Eleven Clever Tips for Digital Camera Owners

You've got the technology in your pocket, so make the most of it

As time goes on, more and more people are carrying little cameras with them everywhere they go. I’m one of them. Here are a few camera tricks I’ve picked up through the years.

Maps

Until you are carrying around an iPhone or personal GPS unit, your camera can substitute. With modern 5-12 megapixel cameras, you can fit a lot of detail on a single photo, and most cameras allow you to zoom in on photos for a closer view. If you are new to an airport, snap a shot of their floorplan in case you have to find gate L45 in a hurry. This trick is also good for keeping a shot of the Metro system. Lately, when checking an address online, I’ve been snapping a photo of the Google Maps screen as an insurance policy. I’ve also found it useful when describing what part of the city our new house is in. This would also be good for people who find themselves challenged with describing where on earth to find Laos.

Parking Lots

One time I lost a car in the airport long-term parking lot. Back after a three-day vacation, I was faced with 1,000 twisty passages, all alike. If you’ve ever lost your car, and landmarks like R25 and H12 don’t stick in your memory, take a photo of the parking lot section sign, or any other landmarks nearby.

Mechanisms

This is another insurance policy. Before you unplug your router, fix a guitar string or disassemble the lawnmower throttle linkage, snap a photo of what it used to look like. You probably won’t need it, but if you have to drop the project for a few days, you might appreciate a visual refresh of what it looked like when it was just a little broken.

License Plates

Did you ever get the feeling that you weren’t going to make it out of a parking lot unscathed? If a certain combination of carseat+close parking+exhaust modification sets off your “door ding” alarm, give yourself peace of mind by snapping a shot of your new neighbors.

Yellow Pages

Want to take a little info on the road? Rather than tearing out the page, snap a photo of those knitting supplies listings… and by knitting supplies, I mean drug and alcohol treatment centers.

Evidence for the Defense

Occasionally, I find myself in a less-than-lawful situation. For example, if the marked crosswalk looks dangerous or flooded, and I cross the street somewhere else, I do so with an eye towards my legal defense. To ease my mind, I will often take a photo of the offending situation, to show as evidence in the supremely unlikely circumstance that I end up in court. Other situations which warrant a little documentation: 1. Light rail ticket machine is broken 2. Parking meter malfunction 3. Ambulance behind me at a traffic light 4. I need to hop the fence into the childcare area of California Family Fitness because I’m being chased by a crazy ex-roommate with nunchucks. Some people would argue that just taking such a photo would prove that I was doing something I knew was illegal, and sometimes they would be right, but if you need to defend your justifiably illegal actions, it is good to have pictures to complement your story.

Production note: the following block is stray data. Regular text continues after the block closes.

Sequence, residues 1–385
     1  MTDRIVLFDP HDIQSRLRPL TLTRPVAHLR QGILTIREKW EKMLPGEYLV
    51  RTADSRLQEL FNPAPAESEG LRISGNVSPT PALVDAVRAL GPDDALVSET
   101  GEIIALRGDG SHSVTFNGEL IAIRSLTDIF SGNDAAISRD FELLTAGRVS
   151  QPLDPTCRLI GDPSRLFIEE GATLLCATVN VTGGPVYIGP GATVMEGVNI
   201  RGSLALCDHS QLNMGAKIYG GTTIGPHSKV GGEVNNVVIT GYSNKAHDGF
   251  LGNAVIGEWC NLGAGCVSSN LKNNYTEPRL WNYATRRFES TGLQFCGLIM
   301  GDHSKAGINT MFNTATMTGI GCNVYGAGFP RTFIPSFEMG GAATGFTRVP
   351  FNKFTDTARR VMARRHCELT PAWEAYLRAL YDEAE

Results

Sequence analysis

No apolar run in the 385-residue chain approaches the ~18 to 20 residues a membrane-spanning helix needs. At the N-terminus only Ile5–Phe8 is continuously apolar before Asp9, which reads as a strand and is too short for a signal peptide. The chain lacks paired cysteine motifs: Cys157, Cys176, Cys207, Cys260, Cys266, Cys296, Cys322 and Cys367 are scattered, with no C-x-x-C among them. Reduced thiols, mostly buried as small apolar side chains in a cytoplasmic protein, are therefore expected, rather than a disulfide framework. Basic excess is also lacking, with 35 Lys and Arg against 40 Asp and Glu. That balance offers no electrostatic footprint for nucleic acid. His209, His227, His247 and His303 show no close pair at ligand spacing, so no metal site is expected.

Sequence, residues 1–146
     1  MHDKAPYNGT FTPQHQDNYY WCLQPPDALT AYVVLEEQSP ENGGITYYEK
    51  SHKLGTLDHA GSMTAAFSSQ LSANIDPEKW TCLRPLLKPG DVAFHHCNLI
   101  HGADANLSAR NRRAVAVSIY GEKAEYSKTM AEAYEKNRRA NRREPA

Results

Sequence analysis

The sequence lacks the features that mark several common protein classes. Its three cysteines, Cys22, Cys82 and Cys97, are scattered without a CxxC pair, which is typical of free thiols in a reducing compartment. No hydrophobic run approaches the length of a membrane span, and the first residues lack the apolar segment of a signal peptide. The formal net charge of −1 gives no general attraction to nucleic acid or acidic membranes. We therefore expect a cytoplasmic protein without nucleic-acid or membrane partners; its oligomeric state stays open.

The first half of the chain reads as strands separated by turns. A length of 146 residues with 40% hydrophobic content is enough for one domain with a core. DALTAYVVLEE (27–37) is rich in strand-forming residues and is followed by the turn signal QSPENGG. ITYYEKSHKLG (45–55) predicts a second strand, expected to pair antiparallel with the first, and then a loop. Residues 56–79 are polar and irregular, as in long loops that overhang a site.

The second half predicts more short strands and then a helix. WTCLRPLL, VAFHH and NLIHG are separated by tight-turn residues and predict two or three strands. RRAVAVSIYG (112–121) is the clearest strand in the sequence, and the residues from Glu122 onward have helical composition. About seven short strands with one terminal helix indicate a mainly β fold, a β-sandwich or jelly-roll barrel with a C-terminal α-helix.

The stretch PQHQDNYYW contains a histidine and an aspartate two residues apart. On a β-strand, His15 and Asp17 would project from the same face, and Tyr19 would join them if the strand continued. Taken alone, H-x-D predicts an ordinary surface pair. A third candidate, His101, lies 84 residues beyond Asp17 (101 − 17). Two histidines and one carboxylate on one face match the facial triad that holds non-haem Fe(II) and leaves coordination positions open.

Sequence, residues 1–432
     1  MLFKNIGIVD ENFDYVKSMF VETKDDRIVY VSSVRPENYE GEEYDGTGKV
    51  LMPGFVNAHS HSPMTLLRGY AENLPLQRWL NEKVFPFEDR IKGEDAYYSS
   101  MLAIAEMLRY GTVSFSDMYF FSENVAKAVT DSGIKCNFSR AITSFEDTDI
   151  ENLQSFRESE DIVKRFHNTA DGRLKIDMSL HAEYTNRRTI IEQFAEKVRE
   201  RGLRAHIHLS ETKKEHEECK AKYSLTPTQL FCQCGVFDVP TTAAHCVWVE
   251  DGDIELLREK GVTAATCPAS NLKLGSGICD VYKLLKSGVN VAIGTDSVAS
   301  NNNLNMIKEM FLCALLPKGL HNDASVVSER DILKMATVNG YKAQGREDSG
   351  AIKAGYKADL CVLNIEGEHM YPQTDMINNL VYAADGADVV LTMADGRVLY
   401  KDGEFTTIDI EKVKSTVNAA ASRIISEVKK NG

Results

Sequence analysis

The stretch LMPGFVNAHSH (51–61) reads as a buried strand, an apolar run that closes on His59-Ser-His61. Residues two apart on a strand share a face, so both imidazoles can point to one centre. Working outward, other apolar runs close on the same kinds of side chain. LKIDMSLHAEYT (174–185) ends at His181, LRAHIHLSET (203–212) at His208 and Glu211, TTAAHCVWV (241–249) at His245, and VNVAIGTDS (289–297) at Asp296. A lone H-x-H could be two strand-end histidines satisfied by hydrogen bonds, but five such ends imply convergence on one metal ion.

Chinese Food Menus

If you hang out with the kind of person who forgets what is available from Chinese take-out. I didn’t really have a picture of a Chinese food menu, so I substituted this lid from a can of paint. This would be another good thing to use your camera for, copying a complicated code when the guys at the paint counter ask you to bring the lid from the old can.

Recipes

If you are making a special trip to the store, take a photo of the ingredient list.

Rental Dings

Part of the process of renting a car or a truck is the ding-check, a thorough examination of the vehicle for pre-existing damage. If you are worried about getting charged for something you didn’t do, take photos of the exterior. In the future, car rental places will do this for you (and them) and stow the photos themselves.

A Mirror

And finally, if you need to check your teeth for Cracker Jack particles, your lips for ink, or see how you look in very dark sunglasses, turn the camera on yourself.